In many ways the EU Referendum campaign has had much of the same atmosphere as a a General Election; endless wind-bagging by the opposing sides with little sign of any facts or certainty other than they are desperate to win.
The stark difference – there’ll be no chance to change our minds in five years time if the Leave campaign wins the day.
Much of the coverage I’ve read and seen though has treated this momentous and incredibly serious question about the future of Britain – for all of us and future generations too – like some kind of circus sideshow. It’s as if no one will pay attention unless we make it fun!
Which is likely how Boris Johnson got drafted in as spokesman for the Leave campaign – probably on a promise that he’ll be allowed to play Prime Minister one day. After all no one loves Michael Gove that way do they? No one says, “Oh, I LOVE that Michael Gove! I know he’s a bit of a cock and made some catastrophic errors when he was in charge of Education, but HE’s SO FUNNY.” No. No one has ever said that.
But Boris, the loveable, funny, old duffer with his messy blond hair and bicycling ways. Good Old Boris. Oh let’s be just like him, all bold and uninhibited. He makes leaving the EU sound such fun, doesn’t he! And anyway we wouldn’t to upset him or he might turn nasty and say we’re just like Hitler.
If we were able to shut up the pack of braying posh boys shouting nonsense at each other, seal them in a soundproof box for a few hours at least, we might give ourselves a bit of quiet and some space to see what this referendum is really all about.
It hasn’t been called because we need to know if being part of the European Union is thought a good or bad thing. Not really. The two main issues we’re told are the crux of the argument – the economy and immigration – aren’t mutually exclusive. They’re connected. When times are hard people move around in search of the best paid work.
In the case of people from eastern Europe who have come to the UK, in their thousands – yes, they’ve found better paid work. And it enables them to contribute billions of pounds in taxes to the British economy which more than covers the public services they use. Some analysis of figures even demonstrates the Treasury makes a £2.5 billion profit out of European migrants. At the same time we’re told employment in the UK is at an all time high – with plenty of work to go round.
This makes all the campaigning around immigration and how overcrowded Britain is/will become and how public services are at breaking point as a result, more than smack of Xenophobia. Rather it positively screams it.
Perhaps people wouldn’t be so easily whipped into an anti-migrant frenzy if public services were adequately funded – through taxes collected from big businesses whose unpaid tax would more than likely cover the shortfall. The shortfall caused by (global) economic problems. Which in turn prompted an increase in migration as people moved around in search of work. NOT THE OTHER WAY ROUND.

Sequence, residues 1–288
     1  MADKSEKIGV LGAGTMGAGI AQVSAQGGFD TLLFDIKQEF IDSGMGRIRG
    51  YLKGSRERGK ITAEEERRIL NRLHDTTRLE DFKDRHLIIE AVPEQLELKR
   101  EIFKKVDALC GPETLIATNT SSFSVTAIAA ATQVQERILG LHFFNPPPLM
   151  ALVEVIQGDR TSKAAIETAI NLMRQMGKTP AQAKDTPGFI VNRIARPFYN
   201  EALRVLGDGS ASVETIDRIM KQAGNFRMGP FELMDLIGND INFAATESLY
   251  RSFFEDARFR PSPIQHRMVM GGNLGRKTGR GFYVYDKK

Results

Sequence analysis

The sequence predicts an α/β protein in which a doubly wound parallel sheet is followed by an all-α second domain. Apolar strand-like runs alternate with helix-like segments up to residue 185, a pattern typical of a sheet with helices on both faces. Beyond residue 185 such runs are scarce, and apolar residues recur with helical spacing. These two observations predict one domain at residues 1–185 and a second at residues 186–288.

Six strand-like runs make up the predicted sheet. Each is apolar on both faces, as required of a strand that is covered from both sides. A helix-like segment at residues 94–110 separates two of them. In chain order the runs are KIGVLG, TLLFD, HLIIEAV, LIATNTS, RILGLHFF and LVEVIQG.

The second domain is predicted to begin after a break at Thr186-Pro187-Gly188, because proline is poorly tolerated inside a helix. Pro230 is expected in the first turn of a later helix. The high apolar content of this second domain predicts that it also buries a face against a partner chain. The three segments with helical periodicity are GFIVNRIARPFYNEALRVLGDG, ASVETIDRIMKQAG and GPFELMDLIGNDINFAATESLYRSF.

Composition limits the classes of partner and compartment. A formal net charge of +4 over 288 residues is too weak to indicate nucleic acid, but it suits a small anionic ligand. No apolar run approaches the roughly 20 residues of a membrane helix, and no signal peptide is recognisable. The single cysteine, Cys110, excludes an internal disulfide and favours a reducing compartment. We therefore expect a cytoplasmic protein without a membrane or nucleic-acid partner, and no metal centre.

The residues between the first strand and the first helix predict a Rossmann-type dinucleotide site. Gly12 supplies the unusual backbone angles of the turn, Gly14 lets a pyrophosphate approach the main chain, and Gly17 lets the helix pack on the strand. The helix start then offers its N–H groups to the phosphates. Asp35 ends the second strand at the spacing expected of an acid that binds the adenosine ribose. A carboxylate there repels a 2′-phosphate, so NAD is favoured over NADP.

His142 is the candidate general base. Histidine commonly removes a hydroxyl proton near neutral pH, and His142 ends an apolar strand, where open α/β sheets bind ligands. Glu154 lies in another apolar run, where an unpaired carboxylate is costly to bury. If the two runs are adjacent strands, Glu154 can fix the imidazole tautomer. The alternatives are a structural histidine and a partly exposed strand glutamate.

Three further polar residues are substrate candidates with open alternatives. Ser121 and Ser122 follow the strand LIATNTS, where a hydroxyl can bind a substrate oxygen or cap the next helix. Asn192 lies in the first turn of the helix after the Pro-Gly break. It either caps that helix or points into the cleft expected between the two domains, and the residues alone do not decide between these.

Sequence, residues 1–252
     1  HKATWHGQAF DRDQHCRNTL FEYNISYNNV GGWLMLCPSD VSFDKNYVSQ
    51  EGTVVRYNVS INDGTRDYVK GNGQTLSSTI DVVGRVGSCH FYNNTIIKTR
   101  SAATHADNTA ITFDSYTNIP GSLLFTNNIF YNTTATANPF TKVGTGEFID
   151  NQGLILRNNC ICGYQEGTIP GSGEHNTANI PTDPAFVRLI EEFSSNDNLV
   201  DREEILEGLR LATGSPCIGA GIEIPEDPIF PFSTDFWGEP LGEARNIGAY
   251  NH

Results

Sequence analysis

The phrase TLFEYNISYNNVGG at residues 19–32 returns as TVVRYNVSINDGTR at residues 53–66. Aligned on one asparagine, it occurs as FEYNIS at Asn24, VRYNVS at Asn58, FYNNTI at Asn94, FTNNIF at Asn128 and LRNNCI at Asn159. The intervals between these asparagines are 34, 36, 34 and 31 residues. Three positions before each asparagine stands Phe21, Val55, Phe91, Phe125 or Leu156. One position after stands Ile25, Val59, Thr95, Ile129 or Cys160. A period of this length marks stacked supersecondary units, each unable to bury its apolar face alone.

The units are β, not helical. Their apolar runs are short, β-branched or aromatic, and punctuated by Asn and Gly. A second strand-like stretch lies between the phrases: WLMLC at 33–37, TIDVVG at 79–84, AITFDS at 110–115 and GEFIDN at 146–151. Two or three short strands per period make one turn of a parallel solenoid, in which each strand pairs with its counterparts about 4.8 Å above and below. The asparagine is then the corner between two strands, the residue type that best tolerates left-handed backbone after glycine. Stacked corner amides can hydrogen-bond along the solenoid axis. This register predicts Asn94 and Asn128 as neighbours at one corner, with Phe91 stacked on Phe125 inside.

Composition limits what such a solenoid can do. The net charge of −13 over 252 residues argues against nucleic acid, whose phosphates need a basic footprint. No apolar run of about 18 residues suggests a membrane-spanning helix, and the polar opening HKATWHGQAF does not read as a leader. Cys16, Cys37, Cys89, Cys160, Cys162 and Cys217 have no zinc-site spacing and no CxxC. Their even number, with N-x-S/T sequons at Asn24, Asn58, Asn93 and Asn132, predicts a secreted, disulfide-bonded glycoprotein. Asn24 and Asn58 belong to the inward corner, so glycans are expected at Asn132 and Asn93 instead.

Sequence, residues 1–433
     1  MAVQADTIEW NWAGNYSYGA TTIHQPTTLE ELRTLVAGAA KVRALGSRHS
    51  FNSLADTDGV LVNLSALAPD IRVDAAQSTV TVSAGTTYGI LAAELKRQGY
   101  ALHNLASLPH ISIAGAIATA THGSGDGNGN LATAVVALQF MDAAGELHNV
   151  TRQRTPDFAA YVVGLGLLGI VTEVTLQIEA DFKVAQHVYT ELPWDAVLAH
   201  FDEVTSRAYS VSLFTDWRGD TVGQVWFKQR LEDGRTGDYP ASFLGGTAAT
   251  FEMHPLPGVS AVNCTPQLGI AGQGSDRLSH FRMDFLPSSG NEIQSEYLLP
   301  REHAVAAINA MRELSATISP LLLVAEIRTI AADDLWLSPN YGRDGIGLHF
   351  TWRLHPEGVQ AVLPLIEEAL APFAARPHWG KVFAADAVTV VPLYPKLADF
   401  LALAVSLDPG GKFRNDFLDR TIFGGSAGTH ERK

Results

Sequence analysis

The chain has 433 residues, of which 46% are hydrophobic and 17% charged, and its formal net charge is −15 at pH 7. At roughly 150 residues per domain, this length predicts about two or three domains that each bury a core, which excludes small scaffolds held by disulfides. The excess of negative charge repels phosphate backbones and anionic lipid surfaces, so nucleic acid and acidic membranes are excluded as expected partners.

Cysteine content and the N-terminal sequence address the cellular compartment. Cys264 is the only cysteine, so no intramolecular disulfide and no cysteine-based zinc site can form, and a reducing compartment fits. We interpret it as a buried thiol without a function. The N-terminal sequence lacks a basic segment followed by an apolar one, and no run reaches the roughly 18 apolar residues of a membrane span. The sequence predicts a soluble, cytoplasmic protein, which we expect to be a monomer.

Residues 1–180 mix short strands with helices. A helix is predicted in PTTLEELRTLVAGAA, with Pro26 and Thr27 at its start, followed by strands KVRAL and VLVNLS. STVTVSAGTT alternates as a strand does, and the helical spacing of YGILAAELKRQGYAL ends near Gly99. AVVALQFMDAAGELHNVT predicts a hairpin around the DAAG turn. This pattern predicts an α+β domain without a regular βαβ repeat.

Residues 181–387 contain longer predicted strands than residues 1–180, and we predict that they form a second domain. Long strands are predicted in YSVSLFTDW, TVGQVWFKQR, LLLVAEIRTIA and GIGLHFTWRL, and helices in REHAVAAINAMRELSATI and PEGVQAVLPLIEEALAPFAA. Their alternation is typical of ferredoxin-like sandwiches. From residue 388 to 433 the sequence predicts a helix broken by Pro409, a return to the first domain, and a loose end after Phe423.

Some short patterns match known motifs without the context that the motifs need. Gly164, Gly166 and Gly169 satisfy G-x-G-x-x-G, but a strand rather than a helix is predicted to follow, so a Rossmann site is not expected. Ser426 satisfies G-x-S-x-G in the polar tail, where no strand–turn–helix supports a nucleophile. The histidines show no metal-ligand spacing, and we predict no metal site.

Which brings me back to my point. The referendum is less to do with us (although the results may affect us dramatically) and more to do with party politics.
It’s got more to do with the divisions between pro and anti EU members of the Conservative Party; whether the anti’s would have jumped ship and joined Nigel Farage’s UKIP if they didn’t get the referendum they wanted and whether Boris Johnson or George Osborne get to be leader once David Cameron’s stepped down or been sacked. (What a CHOICE!)
Being in the European Union is not perfect. No one thinks that, but being a member of the EU has given us more than it’s taken away.
Like the right not to be forced to work so many hours a week it makes you ill (although you can still do that if you want to – you also have the right to ‘opt out’) and other rights for working people so we can all have a life beyond work and remember what our families and friends look like. The right to paid time off, and to use it taking a cheap and easy European holiday… where it won’t cost us a fortune call home on our mobile phones.
And laws to protect the environment, including subsidies for farmers who farm in wildlife-friendly ways. Funding for projects in poor, rural areas to help create jobs and promote business and… let’s go back to workers again – the equal pay act meaning women and men doing jobs of equal value must be paid the same. All these great things are because Britain is part of the European Union.
One of the things I like about the EU is these things we’ve signed up to have been put together by people of more than one political colour or mindset. Sort of like a safeguard against, say, a Tory Government trying to dismantle all the things which make Britain great and fair.
Some people want us to go back to a fabled, glorious imperial age where us little islanders ruled the waves and saw anything else as being slaves. But doesn’t that sort of remind you of selfish little kids that don’t want to share? You know, the ones who called you names (and kicked you in the shins) if you didn’t play the game they wanted to play and play it their way.
But we’re adults and our parents aren’t coming to tell us to play nicely. We have to work that out for ourselves. My parents taught me that playing nicely means sharing and making decisions together so things are as fair as possible to everyone – not just for the kid who shouts a lot – or the one that makes everyone laugh to distract from the extra sweets he’s pocketed.
It doesn’t mean grabbing what we think are our best toys and refusing to play with the European Union because ‘it smells’. A vote to leave might mean no one wants to play with us anymore anyway.
I’m voting to Remain in the EU this Thursday 23 June. Because although the referendum isn’t a game – we’re more likely to win if we stay IN.